Woke up this morning to two references on my Twitter timeline to the proposed wilderness permitting procedure, one from a friend in Australia (Hi, Jim!), and one from a noted photograper and executive of Borrow Lenses (Hi, Jim!).
They cited two separate websites, with rather different spins. One seemed to think it was for “media” access, the other seemed to think it would be for freelance photographers.
Way back in 2010 when I first began working on a photo project about the Bristlecone pines, I ran across the regulation in question: It’s been in effect since then, and so this is not a new regulation; it’s a plan to make it permanent. It’s due to expire this year. At the time, I was understandably disconcerted about a fee of $1500 to do “still or commercial film photography”, and so I spoke with the regional director, a man by the name of John Louth. He said it didn’t apply to me, that it was aimed at film companies. It was a way to offset the cost of insuring that huge crews with trucks and equipment and ignorant people don’t impact the area and resources they’d be using.
As for the “media”, the regulation makes no mention of them at all. I think that may have come about because NPR wanted to film people planting trees on national forest land, and the local director wanted to charge them the full $1500 fee.
In any case, the language is rather vague and obviously open to interpretation. It really should be narrowed down to for-profit news organizations and film companies; I’m looking at you, Fox and Disney.
Here’s part of what the permitting process tries to ensure, taken directly from the actual regulation:
“A special use permit may be issued(when required by sections 45.1a and45.2a) to authorize the use of NationalForest System lands for still photography or commercial filming when the proposed activity:
1. Meets the screening criteria in 36CFR 251.54(e);
2. Would not cause unacceptableresource damage;
3. Would not unreasonably disrupt the public’s use and enjoyment of the site where the activity would occur;
4. Would not pose a public health and safety risk; and
5. Meets the following additional criteria, if the proposed activity, other than noncommercial still photography (36 CFR 251.51), would be in a congressionally designated wilderness area:
a. Has a primary objective of dissemination of information about theuse and enjoyment of wilderness or its ecological, geological, or other features of scientific, educational, scenic, or historical value (16 U.S.C. 1131(a) and(b));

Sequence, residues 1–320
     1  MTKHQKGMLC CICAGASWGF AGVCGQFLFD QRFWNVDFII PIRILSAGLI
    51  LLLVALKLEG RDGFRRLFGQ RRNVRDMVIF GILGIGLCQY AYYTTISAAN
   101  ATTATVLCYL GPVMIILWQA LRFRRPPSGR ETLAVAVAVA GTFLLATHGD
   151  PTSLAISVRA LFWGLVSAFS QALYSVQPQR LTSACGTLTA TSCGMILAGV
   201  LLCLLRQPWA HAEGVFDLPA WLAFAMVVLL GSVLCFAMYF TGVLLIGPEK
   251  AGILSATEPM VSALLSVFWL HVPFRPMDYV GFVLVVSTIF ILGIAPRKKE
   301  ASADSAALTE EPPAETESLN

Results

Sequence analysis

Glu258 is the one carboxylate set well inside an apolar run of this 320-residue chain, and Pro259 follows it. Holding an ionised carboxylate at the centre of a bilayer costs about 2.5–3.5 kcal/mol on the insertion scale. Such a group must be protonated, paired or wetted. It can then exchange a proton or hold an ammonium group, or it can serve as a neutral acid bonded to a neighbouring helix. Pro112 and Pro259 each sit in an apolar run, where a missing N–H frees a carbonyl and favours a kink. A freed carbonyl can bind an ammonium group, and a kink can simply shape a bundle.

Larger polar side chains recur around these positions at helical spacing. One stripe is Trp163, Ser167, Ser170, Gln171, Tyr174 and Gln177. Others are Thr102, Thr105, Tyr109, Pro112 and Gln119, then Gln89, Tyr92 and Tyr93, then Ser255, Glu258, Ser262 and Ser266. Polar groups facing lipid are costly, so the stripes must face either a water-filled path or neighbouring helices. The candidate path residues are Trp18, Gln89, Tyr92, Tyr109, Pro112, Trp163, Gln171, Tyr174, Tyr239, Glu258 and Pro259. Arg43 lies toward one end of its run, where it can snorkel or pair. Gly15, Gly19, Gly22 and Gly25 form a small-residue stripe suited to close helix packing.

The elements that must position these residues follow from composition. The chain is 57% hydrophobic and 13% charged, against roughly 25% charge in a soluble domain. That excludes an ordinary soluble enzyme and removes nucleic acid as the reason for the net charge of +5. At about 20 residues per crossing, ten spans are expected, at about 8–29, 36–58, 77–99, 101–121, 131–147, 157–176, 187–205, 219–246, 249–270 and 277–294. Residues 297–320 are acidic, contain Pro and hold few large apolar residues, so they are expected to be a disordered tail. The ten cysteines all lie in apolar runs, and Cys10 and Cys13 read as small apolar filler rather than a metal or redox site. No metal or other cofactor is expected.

b. Would preserve the wilderness character of the area proposed for use, for example, would leave it untrammeled, natural, and undeveloped and would preserve opportunities for solitude or a primitive and unconfined type of recreation (16 U.S.C. 1131(a));
c. Is wilderness-dependent, forexample, a location within a wilderness area is identified for the proposed activity and there are no suitable locations outside of a wilderness area(16 U.S.C. 1133(d)(6));
d. Would not involve use of a motor vehicle, motorboat, or motorized equipment, including landing of aircraft, unless authorized by the enabling legislation for the wilderness area (36 CFR 261.18(a) and (c));
e. Would not involve the use of mechanical transport, such as a hangglider or bicycle, unless authorized by the enabling legislation for the wilderness area (36 CFR 261.18(b));
f. Would not violate any applicable order (36 CFR 261.57); and
g. Would not advertise any product orservice (16 U.S.C. 1133(c)).”
Frankly, ensuring all of the above seems like a steal for $1500, don’t you? Especially when you read #5 very carefully!
Never the less, it really does need to be more specific; Using an iPhone to video fast moving clouds over the Bristlecones for use on my blog should not cost $1500. Nor should Public Radio/ Public Broadcasting have to pay it; They’re non-profit.
So here’s a link to a page with the regulation and they are taking public comments. (Big green button on the upper right of the page!)